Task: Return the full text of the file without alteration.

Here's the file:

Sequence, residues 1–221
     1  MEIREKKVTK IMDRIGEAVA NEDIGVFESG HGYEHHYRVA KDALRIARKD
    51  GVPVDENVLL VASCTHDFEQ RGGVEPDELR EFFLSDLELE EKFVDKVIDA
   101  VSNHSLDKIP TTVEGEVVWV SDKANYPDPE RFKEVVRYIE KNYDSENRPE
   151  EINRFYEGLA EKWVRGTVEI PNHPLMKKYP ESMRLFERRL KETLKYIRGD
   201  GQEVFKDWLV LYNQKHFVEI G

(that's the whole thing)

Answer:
Sequence, residues 1–221
     1  MEIREKKVTK IMDRIGEAVA NEDIGVFESG HGYEHHYRVA KDALRIARKD
    51  GVPVDENVLL VASCTHDFEQ RGGVEPDELR EFFLSDLELE EKFVDKVIDA
   101  VSNHSLDKIP TTVEGEVVWV SDKANYPDPE RFKEVVRYIE KNYDSENRPE
   151  EINRFYEGLA EKWVRGTVEI PNHPLMKKYP ESMRLFERRL KETLKYIRGD
   201  GQEVFKDWLV LYNQKHFVEI G